McIlroy made it to No. 3 in part because of highly lucrative deals with Nike, Omega and Bose and because his two major victories in 2014 propelled him to more than $14 million in on-course earnings. McIlroy was surpassed in winnings only by Billy Horschel (6), who earned more than $15.5 million, thanks to the $10 million FedEx Cup bonus. McIlroy, 25, and Horschel, 28, are part of the youth movement that is invigorating the game. No. 12 Rickie Fowler is 26, No. 16 Jordan Spieth is only 21, and No. 19, U.S. Open champ Martin Kaymer of Germany, is 30. Lewis, turning 30 in February, is the highest-ranked woman, at No. 41; Wie, 25, is No. 42; and Creamer, 28, is No. 47. Lurking just outside the top 50 are Inbee Park, 26, and Lydia Ko, 17, who already has five LPGA career wins and is almost certain to crack next year's GD50.
Other young stars making this year's list: Americans Dustin Johnson, Chris Kirk, Keegan Bradley, Webb Simpson and Patrick Reed, Jason Day of Australia, Seung-yul Noh of South Korea, Victor Dubuisson of France, and Hideki Matsuyama and Ryo Ishikawa of Japan.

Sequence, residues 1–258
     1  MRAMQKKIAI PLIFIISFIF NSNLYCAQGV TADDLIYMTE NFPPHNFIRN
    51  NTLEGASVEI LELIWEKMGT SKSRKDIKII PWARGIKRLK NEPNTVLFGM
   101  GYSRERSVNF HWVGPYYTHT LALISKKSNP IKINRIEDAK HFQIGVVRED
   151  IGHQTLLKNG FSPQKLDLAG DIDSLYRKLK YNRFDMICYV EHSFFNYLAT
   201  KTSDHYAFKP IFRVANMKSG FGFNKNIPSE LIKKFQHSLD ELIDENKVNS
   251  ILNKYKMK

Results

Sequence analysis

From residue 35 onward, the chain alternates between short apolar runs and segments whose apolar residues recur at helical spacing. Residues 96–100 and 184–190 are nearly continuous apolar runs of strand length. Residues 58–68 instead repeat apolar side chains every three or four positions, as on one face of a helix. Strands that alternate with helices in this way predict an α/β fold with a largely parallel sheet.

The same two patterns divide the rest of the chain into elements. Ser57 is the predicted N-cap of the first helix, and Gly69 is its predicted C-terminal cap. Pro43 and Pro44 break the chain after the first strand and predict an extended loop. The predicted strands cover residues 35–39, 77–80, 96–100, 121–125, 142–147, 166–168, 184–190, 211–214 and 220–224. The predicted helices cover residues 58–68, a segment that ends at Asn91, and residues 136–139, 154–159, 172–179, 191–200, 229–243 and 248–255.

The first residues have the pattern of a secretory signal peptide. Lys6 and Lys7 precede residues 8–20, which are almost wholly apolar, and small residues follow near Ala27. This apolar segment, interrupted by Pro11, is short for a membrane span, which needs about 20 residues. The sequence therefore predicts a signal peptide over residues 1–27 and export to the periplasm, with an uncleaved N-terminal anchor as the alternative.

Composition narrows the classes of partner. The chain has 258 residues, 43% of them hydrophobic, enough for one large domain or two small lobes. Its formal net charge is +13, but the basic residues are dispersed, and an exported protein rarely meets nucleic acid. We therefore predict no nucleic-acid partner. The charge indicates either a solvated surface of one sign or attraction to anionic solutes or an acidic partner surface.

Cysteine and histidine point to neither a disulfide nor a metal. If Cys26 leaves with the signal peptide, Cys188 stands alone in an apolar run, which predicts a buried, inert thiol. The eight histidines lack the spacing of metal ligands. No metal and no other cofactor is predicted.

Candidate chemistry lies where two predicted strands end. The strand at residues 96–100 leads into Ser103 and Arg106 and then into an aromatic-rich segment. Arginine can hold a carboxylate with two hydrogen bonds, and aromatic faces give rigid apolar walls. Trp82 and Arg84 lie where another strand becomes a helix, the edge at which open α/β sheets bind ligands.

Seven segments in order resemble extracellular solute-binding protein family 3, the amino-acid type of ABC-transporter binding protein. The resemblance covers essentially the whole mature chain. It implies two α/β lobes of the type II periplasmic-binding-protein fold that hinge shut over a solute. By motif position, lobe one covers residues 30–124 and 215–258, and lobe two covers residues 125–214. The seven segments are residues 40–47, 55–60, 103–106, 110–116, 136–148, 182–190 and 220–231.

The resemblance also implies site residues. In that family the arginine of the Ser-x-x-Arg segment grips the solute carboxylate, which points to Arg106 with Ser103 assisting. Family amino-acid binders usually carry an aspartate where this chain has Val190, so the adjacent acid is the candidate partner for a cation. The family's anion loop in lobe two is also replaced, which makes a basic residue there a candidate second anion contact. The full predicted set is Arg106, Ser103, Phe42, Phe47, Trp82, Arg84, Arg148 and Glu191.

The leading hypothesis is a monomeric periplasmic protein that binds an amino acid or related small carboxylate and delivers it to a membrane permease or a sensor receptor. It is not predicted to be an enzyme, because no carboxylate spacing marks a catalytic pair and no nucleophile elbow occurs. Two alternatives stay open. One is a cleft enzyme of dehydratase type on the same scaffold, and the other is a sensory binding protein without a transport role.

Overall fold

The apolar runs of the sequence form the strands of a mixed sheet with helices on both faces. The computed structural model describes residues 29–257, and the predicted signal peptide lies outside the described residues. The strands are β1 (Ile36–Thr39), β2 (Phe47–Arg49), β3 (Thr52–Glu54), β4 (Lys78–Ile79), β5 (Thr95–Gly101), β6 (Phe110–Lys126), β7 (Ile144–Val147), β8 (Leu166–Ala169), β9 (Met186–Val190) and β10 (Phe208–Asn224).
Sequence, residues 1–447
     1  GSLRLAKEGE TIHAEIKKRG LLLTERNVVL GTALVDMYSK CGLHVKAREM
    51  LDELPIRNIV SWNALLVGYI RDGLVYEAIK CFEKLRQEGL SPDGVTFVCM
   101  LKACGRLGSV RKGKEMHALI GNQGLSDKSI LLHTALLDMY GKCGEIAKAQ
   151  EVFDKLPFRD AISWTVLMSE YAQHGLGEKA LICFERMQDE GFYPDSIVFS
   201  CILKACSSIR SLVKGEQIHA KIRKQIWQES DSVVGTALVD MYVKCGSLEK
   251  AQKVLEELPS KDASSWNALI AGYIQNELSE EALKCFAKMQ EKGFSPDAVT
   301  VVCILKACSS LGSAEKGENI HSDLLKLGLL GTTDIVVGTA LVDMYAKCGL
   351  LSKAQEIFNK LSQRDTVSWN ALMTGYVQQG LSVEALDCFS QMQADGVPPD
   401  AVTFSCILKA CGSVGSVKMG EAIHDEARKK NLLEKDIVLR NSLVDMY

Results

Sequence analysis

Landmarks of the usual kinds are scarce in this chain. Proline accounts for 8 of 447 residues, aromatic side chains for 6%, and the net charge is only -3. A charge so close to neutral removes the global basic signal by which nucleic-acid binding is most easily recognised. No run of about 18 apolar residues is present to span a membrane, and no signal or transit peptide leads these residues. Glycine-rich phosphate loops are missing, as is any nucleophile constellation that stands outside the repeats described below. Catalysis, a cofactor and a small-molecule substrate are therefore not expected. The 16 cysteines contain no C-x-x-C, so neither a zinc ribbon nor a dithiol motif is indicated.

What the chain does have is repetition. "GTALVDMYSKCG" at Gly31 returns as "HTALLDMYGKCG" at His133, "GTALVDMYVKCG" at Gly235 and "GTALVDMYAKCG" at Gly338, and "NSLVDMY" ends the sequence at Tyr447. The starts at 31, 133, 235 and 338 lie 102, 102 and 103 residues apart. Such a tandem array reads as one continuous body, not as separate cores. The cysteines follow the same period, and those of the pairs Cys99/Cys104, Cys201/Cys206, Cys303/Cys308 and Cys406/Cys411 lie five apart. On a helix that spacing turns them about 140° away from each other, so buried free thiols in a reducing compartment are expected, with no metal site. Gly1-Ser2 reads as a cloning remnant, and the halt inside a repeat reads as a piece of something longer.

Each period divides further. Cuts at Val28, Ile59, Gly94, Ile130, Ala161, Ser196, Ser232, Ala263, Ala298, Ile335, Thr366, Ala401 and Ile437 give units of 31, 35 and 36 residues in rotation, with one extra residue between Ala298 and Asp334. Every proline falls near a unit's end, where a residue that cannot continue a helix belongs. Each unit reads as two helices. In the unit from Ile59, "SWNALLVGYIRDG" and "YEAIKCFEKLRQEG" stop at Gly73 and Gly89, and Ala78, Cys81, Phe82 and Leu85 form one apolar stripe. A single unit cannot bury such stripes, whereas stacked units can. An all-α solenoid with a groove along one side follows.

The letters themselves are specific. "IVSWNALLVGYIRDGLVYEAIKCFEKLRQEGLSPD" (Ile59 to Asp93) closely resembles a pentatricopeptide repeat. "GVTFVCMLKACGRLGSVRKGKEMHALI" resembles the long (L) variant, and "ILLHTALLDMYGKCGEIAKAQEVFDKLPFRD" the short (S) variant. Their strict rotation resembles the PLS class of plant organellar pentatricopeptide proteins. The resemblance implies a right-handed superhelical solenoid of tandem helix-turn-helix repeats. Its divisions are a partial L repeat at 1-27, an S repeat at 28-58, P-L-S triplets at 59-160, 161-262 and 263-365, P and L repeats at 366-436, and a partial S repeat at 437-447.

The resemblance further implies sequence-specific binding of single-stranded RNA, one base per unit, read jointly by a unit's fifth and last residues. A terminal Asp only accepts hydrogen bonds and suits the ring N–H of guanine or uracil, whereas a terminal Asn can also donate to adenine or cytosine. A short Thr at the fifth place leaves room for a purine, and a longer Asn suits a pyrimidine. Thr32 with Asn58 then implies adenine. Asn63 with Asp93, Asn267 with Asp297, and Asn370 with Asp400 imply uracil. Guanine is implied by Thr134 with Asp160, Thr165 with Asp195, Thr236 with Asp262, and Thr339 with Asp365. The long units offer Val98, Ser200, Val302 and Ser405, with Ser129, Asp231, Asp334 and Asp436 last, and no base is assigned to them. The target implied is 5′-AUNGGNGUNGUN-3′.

Five years after his scandal, Woods has yet to reclaim his aura of invincibility. Despite eight victories in that span—a great career for many players—he has not won a major since the 2008 U.S. Open, leaving him stuck at 14.
At one point, Woods' endorsement partners included Accenture, American Express, AT&T, Chevron, EA Sports, Gatorade, Gillette and General Motors. The list in 2014 included MusclePharm (a sports-nutrition brand), Kowa (a Japanese textile company), NetJets, Nike, Rolex (the biggest name he has added post-scandal), Tatweer (the golf community in Dubai that was abandoned in 2011 when the real-estate bubble burst but for which he is still being paid) and Upper Deck, plus other design work and lucrative appearance fees. Nearly half of Woods' $54.5 million in off-course money comes from his Nike deal, which at one point accounted for only about 20 percent of his endorsement/design/appearance income.
"Consumers' memories tend to be short, and they routinely focus on success, as well as turnarounds and compelling stories," says David Carter of The Sports Business Group and the University of Southern California's Marshall Sports Business Institute. "Add to this the perspective of the global marketplace, and it's possible he can regain much of his earnings power."